A few remarks in conclusion about the principal reviews and journals which serve as a medium of communication and information for American and Canadian scholars with a professional interest in Balkanica and Bulgarica. First, thanks to the enthusiasm and energy of Professor Meininger, the Newsletter of the Bulgarian Studies Group has been published twice a year since 1971 and carries a wealth of news and informational data on ongoing research in the field, new publications, meetings, and exchanges. A similar newsletter appearing irregularly serves as a platform for the American Association for Southeastern Studies. A few years ago, this group launched, as an outlet for scholarly work, the first volume of Balkanistica; Occasional Papers in South-East European Studies, which, inter alia, featured an article by Kemal H. Karpat on "Ottoman Relations with the Balkan Nations after 1683." Through the initiative of Professor Charles Schlacks, Jr., the University of Pittsburgh initiated two journals relating to the area: Southeastern Europe has been appearing semiannually since 1973, with interdisciplinary coverage; and Byzantine Studies appears as one volume with two to four parts annually. Last but not least, the older established journals of Slavic and East European affairs, such as the American Slavic and East European Review / Slavic Review, the East European Quarterly, and Canadian Slavonic Papers feature from time to time articles, reports, and book reviews on various facets of the past and present of the Balkans and Bulgaria.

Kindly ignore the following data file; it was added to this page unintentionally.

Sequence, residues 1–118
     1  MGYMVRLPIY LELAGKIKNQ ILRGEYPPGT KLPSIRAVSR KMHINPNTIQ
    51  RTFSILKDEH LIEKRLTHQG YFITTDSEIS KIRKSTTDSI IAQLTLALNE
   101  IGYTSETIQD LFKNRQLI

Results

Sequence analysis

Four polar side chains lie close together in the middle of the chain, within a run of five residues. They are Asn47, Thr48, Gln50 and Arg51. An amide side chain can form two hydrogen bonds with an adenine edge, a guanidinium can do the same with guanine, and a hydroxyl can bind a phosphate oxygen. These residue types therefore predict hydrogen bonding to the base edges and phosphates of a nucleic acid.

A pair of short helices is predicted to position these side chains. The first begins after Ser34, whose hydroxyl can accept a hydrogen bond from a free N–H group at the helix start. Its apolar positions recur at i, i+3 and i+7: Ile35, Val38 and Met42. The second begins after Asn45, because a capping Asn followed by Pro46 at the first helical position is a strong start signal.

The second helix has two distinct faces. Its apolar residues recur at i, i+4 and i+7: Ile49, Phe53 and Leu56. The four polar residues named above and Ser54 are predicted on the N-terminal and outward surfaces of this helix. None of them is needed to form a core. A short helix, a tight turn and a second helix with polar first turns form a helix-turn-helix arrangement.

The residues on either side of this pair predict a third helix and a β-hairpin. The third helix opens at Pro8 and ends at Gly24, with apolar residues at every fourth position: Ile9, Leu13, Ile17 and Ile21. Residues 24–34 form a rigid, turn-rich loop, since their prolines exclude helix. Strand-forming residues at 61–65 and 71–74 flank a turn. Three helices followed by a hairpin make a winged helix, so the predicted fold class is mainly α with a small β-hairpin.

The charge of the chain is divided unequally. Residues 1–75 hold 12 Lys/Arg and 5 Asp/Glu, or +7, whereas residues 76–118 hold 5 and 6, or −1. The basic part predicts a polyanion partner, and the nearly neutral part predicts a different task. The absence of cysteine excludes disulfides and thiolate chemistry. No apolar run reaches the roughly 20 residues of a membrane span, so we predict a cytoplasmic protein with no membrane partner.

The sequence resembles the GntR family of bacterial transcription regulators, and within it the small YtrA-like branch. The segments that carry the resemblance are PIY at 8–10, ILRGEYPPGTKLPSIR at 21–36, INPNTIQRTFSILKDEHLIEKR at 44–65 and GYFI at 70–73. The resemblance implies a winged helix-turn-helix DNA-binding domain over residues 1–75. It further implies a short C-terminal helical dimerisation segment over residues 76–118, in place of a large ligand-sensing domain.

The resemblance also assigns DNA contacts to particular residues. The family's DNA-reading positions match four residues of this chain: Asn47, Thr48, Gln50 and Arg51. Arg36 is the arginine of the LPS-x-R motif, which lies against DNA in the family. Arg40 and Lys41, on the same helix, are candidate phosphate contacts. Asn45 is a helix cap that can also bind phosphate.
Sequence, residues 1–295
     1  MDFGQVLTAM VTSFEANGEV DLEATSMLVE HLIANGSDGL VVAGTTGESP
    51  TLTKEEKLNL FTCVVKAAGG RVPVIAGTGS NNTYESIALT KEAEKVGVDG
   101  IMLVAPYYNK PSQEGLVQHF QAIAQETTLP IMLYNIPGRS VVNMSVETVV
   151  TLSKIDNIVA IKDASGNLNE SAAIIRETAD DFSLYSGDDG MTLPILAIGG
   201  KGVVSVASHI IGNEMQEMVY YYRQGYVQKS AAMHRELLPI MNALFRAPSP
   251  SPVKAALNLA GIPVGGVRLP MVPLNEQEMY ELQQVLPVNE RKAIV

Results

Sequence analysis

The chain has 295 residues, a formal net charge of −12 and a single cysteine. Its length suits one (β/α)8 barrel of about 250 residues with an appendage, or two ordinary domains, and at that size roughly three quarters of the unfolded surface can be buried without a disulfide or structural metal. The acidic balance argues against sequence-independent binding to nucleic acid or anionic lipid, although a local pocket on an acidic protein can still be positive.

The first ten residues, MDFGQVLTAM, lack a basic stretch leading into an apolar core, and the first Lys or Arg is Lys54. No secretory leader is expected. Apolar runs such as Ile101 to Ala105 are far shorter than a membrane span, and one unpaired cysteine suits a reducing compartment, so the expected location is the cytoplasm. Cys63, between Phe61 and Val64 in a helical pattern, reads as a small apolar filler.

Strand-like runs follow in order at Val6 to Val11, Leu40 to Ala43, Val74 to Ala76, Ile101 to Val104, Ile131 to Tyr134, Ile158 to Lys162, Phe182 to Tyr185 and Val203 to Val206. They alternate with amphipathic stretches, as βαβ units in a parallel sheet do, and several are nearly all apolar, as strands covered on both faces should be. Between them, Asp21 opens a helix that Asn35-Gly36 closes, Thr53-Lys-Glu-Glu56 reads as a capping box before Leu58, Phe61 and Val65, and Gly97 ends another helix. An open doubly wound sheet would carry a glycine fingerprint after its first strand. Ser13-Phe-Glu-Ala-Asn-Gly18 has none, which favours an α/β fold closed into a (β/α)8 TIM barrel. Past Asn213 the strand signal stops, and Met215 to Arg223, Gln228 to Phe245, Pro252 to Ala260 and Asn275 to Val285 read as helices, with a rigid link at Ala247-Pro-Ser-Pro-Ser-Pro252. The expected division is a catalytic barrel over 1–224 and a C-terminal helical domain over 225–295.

Thank you for your attention to my admittedly impressionistic report.